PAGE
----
Fremantle Prison, originally known as the Convict Establishment, was built by convict labour between 1852 and 1859 from limestone quarried on site. Its history, including its convict past, its use as the main place of incarceration for the state, and its current role as an important historic and tourist venue reflects in many ways the history of Western Australia.
The Swan River settlement was established as a free colony in 1829. It was slow to develop mainly due to the inhospitable nature of the land. Many lured by Captain Stirling’s glowing reports of the abundance of fertile land, left in disgust when faced with the grim reality of Western Australia’s formidable climate and conditions. The resulting small population meant there were few hands available to expand the colony beyond the early settlements around the Swan River and at Albany.
Between 1845 and 1847, York Agricultural Society, supported by several merchants, lobbied the colony's Legislative Council to petition the British Government to send convicts. They saw this as the best option to help supplement the lack of skilled and unskilled labour threatening to cripple the colony. The convicts were to provide much needed cheap labour for the building of roads, bridges, jetties and other infrastructure necessary to service the colony. For convicts who were nearing the end of their sentence a system of ticket of leave, similar to our modern day parole, was also introduced which helped provide labour for the development and expansion of agriculture.
Following a report from the colony and then debate within British government departments, an Order-in-Council was passed by the British Parliament on 1 May 1849 which stated:
that upon and from the first day of June in this present year; Her Majesty’s settlements in Western Australia shall be places to which felons and other offenders in the United Kingdom then being or thereafter to be under sentence or order of transportation or banishments shall be conveyed…
The first ship carrying convicts arrived at Fremantle on 1 June 1850. Captain Edmund Henderson was responsible for the 75 convicts on board as well as the Pensioner Guards, Warders and their families who accompanied them. The colony was completely unprepared for their arrival as the ship carrying this human cargo overtook the ship carrying the dispatch containing news of this event.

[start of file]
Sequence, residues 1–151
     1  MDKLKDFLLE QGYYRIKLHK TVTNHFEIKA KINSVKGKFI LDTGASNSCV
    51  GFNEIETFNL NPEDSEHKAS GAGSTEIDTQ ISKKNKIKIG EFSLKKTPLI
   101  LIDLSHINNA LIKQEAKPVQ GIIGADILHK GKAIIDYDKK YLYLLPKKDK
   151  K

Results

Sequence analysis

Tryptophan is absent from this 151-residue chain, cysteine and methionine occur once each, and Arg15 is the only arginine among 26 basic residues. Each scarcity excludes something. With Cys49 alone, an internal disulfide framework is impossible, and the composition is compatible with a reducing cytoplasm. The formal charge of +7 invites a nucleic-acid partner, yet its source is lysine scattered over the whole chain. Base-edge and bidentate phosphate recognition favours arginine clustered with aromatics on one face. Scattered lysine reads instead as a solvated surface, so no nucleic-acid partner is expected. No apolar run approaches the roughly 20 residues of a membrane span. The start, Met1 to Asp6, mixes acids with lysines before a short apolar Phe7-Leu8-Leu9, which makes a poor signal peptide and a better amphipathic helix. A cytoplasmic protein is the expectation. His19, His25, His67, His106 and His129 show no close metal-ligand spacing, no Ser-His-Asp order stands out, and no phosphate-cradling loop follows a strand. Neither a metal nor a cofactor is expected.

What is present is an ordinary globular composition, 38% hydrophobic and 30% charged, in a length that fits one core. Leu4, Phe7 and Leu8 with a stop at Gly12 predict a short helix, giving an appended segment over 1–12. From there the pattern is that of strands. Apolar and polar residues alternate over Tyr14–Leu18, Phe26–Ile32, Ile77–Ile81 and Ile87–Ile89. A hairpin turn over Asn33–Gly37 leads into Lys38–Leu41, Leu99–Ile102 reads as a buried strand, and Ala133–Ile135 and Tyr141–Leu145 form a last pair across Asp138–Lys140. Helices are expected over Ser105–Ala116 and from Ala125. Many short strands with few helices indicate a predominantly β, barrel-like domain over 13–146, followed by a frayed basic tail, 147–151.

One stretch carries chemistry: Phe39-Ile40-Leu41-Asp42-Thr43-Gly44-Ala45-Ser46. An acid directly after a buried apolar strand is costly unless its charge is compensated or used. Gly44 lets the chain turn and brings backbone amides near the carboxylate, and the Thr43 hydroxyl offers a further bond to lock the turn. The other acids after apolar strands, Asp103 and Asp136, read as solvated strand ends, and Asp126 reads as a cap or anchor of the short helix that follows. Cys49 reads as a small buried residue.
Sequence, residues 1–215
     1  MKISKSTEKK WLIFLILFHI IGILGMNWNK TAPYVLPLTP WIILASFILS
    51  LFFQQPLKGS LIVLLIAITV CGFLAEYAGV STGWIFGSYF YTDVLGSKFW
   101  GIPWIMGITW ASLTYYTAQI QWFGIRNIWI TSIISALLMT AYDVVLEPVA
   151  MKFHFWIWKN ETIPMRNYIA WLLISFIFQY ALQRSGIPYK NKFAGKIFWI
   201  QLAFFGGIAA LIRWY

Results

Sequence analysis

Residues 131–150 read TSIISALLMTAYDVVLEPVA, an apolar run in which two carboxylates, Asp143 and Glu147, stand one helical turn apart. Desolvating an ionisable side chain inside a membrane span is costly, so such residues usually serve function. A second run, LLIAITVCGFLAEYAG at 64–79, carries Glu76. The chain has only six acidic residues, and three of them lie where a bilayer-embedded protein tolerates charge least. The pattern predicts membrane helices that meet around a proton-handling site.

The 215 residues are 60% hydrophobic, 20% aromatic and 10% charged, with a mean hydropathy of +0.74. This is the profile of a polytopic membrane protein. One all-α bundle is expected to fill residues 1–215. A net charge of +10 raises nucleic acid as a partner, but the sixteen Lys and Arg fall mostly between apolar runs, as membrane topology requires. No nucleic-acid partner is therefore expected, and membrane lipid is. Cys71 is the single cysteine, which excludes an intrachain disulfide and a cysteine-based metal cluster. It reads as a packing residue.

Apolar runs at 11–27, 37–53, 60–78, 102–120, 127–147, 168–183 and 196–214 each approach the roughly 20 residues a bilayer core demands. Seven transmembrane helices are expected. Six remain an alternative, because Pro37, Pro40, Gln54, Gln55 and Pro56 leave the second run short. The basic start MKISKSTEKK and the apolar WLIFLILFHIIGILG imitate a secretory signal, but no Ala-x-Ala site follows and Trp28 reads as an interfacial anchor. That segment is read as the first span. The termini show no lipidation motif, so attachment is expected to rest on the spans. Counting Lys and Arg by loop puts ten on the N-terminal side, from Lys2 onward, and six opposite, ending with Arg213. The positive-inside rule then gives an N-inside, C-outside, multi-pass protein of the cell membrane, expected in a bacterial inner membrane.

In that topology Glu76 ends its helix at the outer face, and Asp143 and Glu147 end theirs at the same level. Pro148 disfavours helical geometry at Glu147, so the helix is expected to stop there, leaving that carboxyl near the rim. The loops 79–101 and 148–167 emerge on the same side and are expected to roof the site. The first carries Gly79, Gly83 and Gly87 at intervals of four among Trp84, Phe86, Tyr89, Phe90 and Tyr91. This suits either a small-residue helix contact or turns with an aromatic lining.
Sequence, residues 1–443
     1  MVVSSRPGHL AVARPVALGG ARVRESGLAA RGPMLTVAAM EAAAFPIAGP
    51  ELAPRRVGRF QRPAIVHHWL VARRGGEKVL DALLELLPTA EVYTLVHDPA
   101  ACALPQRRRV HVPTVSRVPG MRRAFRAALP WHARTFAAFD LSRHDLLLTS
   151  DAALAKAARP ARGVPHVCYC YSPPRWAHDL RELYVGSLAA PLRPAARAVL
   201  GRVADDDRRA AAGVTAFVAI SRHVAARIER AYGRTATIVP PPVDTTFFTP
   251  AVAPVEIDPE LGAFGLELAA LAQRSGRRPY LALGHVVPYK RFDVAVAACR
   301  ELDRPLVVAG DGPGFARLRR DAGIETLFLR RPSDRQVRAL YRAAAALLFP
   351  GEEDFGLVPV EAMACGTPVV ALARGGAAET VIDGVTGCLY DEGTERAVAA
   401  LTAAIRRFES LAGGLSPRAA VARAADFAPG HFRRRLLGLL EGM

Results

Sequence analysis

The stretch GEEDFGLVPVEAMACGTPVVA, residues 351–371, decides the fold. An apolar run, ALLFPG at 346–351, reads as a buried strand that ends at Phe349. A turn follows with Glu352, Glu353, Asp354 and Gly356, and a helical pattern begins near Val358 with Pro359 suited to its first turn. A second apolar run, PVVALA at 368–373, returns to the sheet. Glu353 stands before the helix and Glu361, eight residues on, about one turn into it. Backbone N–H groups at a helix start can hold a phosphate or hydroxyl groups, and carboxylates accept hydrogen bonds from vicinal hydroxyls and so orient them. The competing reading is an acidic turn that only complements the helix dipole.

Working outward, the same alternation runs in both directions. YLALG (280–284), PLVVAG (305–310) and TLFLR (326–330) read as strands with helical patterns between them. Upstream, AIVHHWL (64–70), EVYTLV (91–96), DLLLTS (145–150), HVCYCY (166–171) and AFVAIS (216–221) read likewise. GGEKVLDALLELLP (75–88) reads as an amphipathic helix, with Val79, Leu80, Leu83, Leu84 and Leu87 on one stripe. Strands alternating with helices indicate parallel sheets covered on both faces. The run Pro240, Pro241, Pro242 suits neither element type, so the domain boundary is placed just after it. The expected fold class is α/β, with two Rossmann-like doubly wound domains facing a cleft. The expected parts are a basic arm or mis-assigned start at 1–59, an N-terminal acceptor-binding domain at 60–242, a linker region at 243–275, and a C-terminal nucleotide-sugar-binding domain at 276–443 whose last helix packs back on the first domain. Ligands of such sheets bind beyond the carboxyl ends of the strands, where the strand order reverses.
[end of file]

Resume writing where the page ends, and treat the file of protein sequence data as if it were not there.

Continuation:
Henderson's first task was to find accommodation for his charges in the small port of Fremantle. A warehouse, leased from the Harbour Master Daniel Scott and located on the waterfront of the town, was modified to serve as temporary quarters for the convicts until a more permanent depot could be built. Accommodation for the convicts' keepers was more problematic.
After considering several alternatives including Mount Eliza, now famous as the lookout at King's Park, Henderson chose land on a limestone ridge above the town of Fremantle and was given a grant of around 36 acres. Henderson was pleased with the location and wrote to his superiors in England that:
[t]he site proposed is in every way well suited for the purpose; it is a healthy and elevated spot - removed from the business part of the town, and within convenient distance of the harbour; in the improvement of which there will be the employment for the Prisoners for many years after the Government works are complete.
The limestone of the ridge provided the building material not only for the prison itself, but for the Warders' and Pensioner Guards' quarters as well. To assist in the building campaign, a company of Royal Engineers, led by Captain Wray, was sent to Western Australia. These men supervised the convicts in the building of the convict establishment and other public buildings and works throughout the colony.
Work on the prison itself began in 1852 and by 1855 enough of the main cell block, perimeter walls and service buildings were complete for the convicts to be transferred to the site. The prison was completed by 1859. Accommodation and services included the perimeter walls, the Gatehouse, the Main Cell Block, a hospital, workshops and a service building which housed the cook house, bake house and laundry. Six houses were constructed on the western side of the Prison for the senior officers of the establishment. These grand buildings helped confirm the officers' high status in the society of the colony.
By the time transportation ceased in 1868, just over 9,700 convicts had been transported to Western Australia. In 1886, with less than fifty convicts still imprisoned the British government passed control of the Prison to the colonial government and Fremantle Prison then became the Swan River colony’s primary place of incarceration.
The Perth Gaol (built by convicts in the 1850s) was closed and all of its inmates, including the women, were transferred to Fremantle. The original cookhouse, bakehouse and laundry was sectioned off from the rest of the Prison and converted into the colony's only women’s prison. It was extended twice — in the 1890s and in the 1900s. The area continued to serve as the only women's prison in the State until 1970 when a new facility was built on the outskirts of Perth. It was then used as an education facility and assessment centre for new male prisoners.